1803: The rebellion of Robert Emmet in Dublin, Ireland against British rule. 1804–1817: The Serbian Revolution against Ottoman rule erupts. 1804–1813: The First Serbian uprising against Ottomans. 1807: Tican's Rebellion in Serbia against Austrian rule. 1808: Kruščica Rebellion in Serbia against Austrian rule. 1808: The Dos de Mayo Uprising against the occupation of Madrid by French troops. 1808–1814: The Peninsular War. 1809: Tyrolean Rebellion against French occupation forces, crushed after two months with the execution of its main leader Andreas Hofer 1814: Norwegian War of Independence. 1815–1817: The Second Serbian uprising against Ottomans. 1830: The Belgian Revolution was a conflict in the United Kingdom of the Netherlands that began with a riot in Brussels in August 1830 and eventually led to the establishment of an independent, Catholic and neutral Belgium. 1831, 1834, 1848: The Canut revolts by Lyonnais silk workers (French: canuts) 1831–1832: The Bosnian uprising in Ottoman Empire. 1837–1838: The Rebellions of 1837 and the Upper Canada Rebellion: failed republican revolutions against British rule in Canada. 1854: A revolution in Spain against the Moderate Party Government. 1859: The Second Italian War of Independence. 1863–65: The January Uprising was the Polish uprising against the Russian Empire. 1867: The Fenian Rising: an attempt at a nationwide rebellion by the Irish Republican Brotherhood against British rule. 1868: The Glorious Revolution in Spain deposes Queen Isabella II. 1875–77: The Herzegovinian rebellion, the most famous of the rebellions against the Ottoman Empire in Herzegovina; unrest soon spread to other areas of Ottoman Bosnia. 1875: The Stara Zagora Uprising, a revolt by the Bulgarian population against Ottoman rule. 1876: The April uprising, a revolt by the Bulgarian population against Ottoman rule. Go to UPRISINGS EUROPE 1800 - 1899 for the complete list. Wiki. END of LIST The sheer number of uprisings demonstrates the profound influence of the political ideas of the Enlightenment and the way they disrupted monarchies and prepared the way for increasing democratic participation in governments.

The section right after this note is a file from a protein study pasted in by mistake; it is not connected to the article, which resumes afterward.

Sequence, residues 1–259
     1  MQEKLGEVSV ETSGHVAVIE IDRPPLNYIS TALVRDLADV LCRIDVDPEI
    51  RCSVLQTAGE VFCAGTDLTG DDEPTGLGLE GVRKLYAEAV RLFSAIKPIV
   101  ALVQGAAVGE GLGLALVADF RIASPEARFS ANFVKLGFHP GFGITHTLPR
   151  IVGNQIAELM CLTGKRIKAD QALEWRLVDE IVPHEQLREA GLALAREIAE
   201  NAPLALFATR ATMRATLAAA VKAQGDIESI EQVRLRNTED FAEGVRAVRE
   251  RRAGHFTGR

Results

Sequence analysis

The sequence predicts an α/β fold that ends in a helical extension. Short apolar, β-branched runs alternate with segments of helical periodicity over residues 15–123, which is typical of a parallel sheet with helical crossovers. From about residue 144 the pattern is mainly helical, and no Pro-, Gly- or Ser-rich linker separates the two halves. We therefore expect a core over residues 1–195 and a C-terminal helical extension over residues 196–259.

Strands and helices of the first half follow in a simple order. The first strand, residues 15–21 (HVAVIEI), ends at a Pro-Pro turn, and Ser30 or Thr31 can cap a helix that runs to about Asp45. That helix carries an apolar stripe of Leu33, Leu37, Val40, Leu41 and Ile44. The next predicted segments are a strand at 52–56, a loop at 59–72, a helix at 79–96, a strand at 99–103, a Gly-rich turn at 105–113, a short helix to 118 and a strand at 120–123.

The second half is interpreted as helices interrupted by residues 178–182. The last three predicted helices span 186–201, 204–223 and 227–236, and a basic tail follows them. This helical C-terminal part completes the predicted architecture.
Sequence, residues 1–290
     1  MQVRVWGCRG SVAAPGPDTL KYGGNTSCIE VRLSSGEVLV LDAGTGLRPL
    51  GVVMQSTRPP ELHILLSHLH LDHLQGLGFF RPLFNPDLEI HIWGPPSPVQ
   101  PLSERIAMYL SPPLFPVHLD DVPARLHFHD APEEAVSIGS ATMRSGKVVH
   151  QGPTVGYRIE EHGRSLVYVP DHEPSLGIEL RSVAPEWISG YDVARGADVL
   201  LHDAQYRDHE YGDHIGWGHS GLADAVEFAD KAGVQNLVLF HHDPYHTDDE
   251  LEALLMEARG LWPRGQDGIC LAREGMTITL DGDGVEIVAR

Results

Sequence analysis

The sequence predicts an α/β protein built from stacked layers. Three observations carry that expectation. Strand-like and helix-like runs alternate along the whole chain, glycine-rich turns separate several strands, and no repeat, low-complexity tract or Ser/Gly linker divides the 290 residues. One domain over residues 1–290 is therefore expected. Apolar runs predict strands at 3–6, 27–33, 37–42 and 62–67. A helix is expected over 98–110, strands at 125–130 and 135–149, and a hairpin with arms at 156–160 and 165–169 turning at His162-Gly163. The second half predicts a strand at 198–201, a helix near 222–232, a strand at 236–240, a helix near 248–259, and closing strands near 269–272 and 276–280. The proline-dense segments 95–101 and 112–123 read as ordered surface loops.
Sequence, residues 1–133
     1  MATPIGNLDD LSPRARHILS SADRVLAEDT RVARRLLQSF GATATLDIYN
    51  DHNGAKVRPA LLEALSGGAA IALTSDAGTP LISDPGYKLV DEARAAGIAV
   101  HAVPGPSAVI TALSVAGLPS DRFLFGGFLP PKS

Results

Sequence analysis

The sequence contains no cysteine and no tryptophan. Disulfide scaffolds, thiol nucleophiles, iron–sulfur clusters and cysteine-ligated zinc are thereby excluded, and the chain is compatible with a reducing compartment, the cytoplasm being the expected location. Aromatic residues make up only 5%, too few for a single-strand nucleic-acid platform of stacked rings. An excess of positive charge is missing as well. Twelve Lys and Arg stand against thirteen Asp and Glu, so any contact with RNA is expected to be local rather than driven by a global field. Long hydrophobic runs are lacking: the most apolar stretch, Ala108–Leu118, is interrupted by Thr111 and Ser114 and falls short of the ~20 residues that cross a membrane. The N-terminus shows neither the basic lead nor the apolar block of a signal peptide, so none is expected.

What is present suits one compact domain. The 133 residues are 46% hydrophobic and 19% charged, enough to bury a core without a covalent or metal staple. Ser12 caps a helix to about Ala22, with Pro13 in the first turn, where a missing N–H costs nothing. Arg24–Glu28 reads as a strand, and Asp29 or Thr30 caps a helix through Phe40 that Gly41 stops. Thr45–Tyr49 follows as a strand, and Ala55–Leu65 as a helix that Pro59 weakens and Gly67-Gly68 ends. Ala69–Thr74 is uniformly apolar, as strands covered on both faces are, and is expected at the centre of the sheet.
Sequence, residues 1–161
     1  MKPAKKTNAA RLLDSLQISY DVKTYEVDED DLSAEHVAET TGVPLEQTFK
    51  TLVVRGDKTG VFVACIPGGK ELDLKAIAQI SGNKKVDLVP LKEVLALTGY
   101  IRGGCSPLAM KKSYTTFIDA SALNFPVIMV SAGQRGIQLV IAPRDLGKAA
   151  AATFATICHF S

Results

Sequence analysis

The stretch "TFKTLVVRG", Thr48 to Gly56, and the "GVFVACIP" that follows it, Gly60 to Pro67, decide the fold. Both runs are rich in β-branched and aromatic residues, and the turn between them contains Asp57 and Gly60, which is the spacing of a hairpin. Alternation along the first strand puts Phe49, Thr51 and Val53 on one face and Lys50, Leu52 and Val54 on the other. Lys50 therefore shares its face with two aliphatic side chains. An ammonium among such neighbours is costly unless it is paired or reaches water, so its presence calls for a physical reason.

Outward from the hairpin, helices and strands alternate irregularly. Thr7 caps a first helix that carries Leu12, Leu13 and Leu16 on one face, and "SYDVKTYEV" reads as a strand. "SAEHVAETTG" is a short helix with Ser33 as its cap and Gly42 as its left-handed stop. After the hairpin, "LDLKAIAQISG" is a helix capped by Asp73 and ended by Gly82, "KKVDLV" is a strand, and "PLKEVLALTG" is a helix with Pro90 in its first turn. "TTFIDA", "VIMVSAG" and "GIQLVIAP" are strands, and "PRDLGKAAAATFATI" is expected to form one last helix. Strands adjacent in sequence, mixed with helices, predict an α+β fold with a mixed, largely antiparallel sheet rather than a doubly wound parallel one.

4.